Postpone the Election? That Could Mean President Biden

R&I – TxPat

One thing is perfectly clear about President Trump’s intensifying calls to postpone the November elections: He doesn’t have the constitutional authority to make it happen.

One thing is less clear, but just as important: Why would Trump even suggest putting off the vote? Unless he plans to occupy the White House illegally, a postponed election wouldn’t keep him in office. In fact, it could well usher in an unelected President Joe Biden.

That sounds strange, but it’s where the rules would take us if there were no election—if those rules were followed, which is a significant “if.” Here’s how it would work.

In the absence of an election by January, Trump’s time as President will end on January 20, 2021. Article II of the Constitution provides that a President is elected to serve a four-year term, and Trump’s four years will be up on that date. Without a new electoral mandate, he’s out.

Who, then, steps into the Oval Office if no election has been held? Not Vice-President Mike Pence; his term also expires on January 20. So the presidency and vice-presidency would both be vacant.

Now things get weird. By statute, the person next in line for the Presidency is the Speaker of the House. But in a world with no election, the Speakership would be just as vacant as the Vice Presidency. Just like Trump’s term will end on January 20, the current term of every member of the House of Representatives will end on January 3. The House of Representatives would have no members, and couldn’t elect a Speaker.

Who’s next? The answer, by statute, is the President Pro Tempore of the Senate. That office would not be vacant. Only 35 Senate seats are up for election in November; the other 65 Senators are now serving terms that extend beyond 2021. So even without an election, there would still be a Senate, though it would only have 65 members.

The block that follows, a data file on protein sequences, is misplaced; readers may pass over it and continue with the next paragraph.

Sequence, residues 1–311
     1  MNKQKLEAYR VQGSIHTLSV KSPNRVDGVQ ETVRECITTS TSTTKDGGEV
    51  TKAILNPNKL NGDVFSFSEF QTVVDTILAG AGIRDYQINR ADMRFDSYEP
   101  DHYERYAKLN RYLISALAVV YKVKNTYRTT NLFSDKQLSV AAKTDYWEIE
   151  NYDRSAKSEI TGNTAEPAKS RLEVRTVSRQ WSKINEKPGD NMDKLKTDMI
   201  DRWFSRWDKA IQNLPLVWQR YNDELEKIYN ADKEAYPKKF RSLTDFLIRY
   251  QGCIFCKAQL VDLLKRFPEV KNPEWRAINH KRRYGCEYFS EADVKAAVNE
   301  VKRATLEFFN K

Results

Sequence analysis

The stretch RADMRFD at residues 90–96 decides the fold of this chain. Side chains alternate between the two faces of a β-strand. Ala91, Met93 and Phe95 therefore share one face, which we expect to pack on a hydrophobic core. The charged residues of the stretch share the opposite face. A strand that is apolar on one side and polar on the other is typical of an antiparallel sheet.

The next critical question, of course, is who that President Pro Tempore would be. By Senate practice stretching back to the nineteenth century, the most senior member of the majority party is selected as President Pro Tem. Today, it’s Iowa’s Chuck Grassley. If there is no election this fall, however, Grassley would no longer be in the majority party. Of the 65 Senators whose terms continue past 2021, and who would therefore compose the Senate after January 3 in the absence of a new election, 35 are Democrats.

So, by default, the Democrats would control the Senate. To be clear, exactly 18 Democrats could control the Senate, since they’d make up a voting majority of the caucus.

By the usual rules—most senior member of the majority party—the President Pro Tem, and thus the President of the United States, would be Vermont’s Pat Leahy.

But the Pro Tem process isn’t a law. It’s just a tradition. And in a world this bizarre, where there’s no election, no president and no House, there’s no reason to assume the Senate Democrats would follow tradition. Legally they can pick whoever they like. And if what they are really picking is the President of the United States, rather than a ceremonial officer, they might want to exercise some actual choice. They could elect President Amy Klobuchar, or President Elizabeth Warren.

But would they? Neither the Constitution nor any statute restricts the choice of President Pro Tem to a current member of the Senate. (Similarly, the House of Representatives can decide to elect a Speaker who is not a member of the House.) So the Senate Democrats could choose anyone at all with the constitutional qualifications to be President—that is, any natural-born U.S. citizen over the age of 35 other than Barack Obama, George W. Bush or Bill Clinton. If they were in a mood to right historic wrongs, they could choose Hillary Clinton. Or for that matter, Al Gore.

The most logical choice, though, would be Joe Biden.

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